Pasta all’ Amatriciana is among the simplest and most delicious things I’ve ever eaten. It’s quite easy to make it well, but by now I’m used to the fact that most American restaurants suck at pasta, so it was with limited expectations that I set out to find a decent bowl downtown at lunchtime. I tried 3 versions.
Bar Umbriago – “Spaghetti Amatraciana”
I tried to chalk the misspelling up to a simple careless typo, but inside I suspected that it was a sign that this place might not be too serious about how they create the classic dish. It turns out that the sauce here was the porkiest and perhaps tasties of all that I tried. The guanciale had been cut into thin, long slivers that rendered plenty of fatty flavor and retained a silky and luscious texture. The spaghetti was cooked well, and this could have been an excellent dish had the kitchen halved the quantity of sauce and bothered to let it cook with the noodles for a bit (instead, the unsauced noodles sat at the bottom of the bowl with giant ladles of sauce placed atop them). As it was, this dish was mostly ruined by the two sins that I see in almost every Italian restaurant: oversaucing, and failing to cook the pasta and sauce together for a bit after combining them.
Phil Stefani – “Rigatoni alla Matriciana”
Stefani chooses a spelling common and somewhat controversial in
Rome, and also pairs the sauce with rigatoni – also more common in Romethan elsewhere in Ital, from what I understand. Stefani departs from Roman or Italian or just plain good cooking, however, in just about every aspect of this dish. It arrived at my table about 90 seconds after I ordered it, making pretty clear that there are some precooked noodles in the back waiting to be sauced. The limp rigatoni certainly reinforced that likelihood, and this dish had a massive amount of thick tomato sauce and absolutely zero pork flavor or texture. For an ungodly reason, some onions had been caramelized separately (“onion confit” was how the server described it) and then added to the sauce at service, lending a sickly sweet element to already-sweet tomato sauce, of which there was about 5 times too much. This was among the worst-tasting pasta preparations I’ve had anywhere.
La Madia – “Tagliatelle all' Amatriciana”
At 15 bucks, this was the most expensive bowl I tried. That may seem reasonable when you consider that La Madia makes its own guanciale out of Slagel pork and uses fresh tomatoes from a local farm, according to my server. The kitchen here is also far more adept at saucing pasta than either of the others. Unfortunately though, as with the Stefani version, La Madia’s sauce lacked much discernable pork flavor. It was just a good, fresh tomato sauce with some extra fat. Perhaps they didn’t use enough guanciale, or perhaps their guanciale just isn’t that good. On a related note, I do not understand why restaurants want to make their own guanciale. Is what you create using a make-shift kitchen apparatus going to be better than what experienced producers who do basically nothing but cure pork can create? Not a chance. Similarly, though it sounds nice to say that you make fresh pasta, this is a dish that is better with the al dente texture that only dried pasta can provide.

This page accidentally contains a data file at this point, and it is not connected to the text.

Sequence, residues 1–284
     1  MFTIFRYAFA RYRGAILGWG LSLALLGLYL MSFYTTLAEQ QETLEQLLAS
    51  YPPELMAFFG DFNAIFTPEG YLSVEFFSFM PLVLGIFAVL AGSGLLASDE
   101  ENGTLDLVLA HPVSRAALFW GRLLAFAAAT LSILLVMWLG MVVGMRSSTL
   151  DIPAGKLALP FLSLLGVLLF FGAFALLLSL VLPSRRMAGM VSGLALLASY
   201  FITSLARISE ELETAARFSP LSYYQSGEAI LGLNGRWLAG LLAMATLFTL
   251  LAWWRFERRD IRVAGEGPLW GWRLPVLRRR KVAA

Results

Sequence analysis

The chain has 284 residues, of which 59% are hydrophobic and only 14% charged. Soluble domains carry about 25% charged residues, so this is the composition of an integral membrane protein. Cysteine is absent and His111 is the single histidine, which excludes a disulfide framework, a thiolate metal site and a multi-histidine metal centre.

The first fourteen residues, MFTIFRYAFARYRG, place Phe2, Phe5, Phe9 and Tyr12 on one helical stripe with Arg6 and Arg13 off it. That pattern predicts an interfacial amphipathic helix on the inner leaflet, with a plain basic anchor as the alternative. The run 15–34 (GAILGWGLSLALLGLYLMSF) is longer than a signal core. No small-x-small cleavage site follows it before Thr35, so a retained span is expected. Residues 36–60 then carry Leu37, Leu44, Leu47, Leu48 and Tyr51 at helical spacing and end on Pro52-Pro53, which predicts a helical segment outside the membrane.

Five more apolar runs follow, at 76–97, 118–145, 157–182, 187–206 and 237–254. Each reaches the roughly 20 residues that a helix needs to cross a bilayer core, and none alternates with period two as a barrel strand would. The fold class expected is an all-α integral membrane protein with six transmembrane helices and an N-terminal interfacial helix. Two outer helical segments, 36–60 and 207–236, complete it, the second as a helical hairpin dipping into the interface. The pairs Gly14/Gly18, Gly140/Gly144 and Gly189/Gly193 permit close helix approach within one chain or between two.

Fuckerberg – “Bucatini all’ Amatriciana
I didn’t much care for any of the versions above, and perhaps that’s because this is a dish that’s best made at home, and I bring the bias of my own version with me when I try it at restaurants. Again, this is a simple and easy dish, but there are five principles that I believe must be followed. First – this is essentially a pork fat sauce, not a tomato sauce. You can see from the picture here that each noodle is glistening with flavorful fat. The tomatoes provide some sweetness and plenty of acid to balance things, but pork fat is what must be at the forefront.
Second, the guanciale should provide a textural element, not just flavor. To some people that means crisping it up, but not to me. I cook the guanciale low and slow until it renders a lot of fat, but I don’t let it brown and the texture I’m looking for is tender, not crisp. It retains a lot more flavor that way. Third, I would never serve this dish without a hearty dried pasta that has been cooked short of what most people probably describe as al dente. Fourth, Parmigiano Reggiano is the wrong cheese for this, and to me it basically ruins the dish. It’s too nutty, which distracts from the other flavors. A salty, straightforward (cheap) pecorino works best here. On that note, I have never added salt to pasta all amatriciana. Between the guanciale, the pasta water I add when cooking the noodles and sauce together at the end, and the cheese, there is always plenty. Finally, though the most traditional versions probably don’t use hot pepper, I frankly can’t imagine eating this without some. It’s not so much for heat, but a small dose of capsicum stimulates the taste buds in a way that enables the flavors of to dish to linger long after each bite.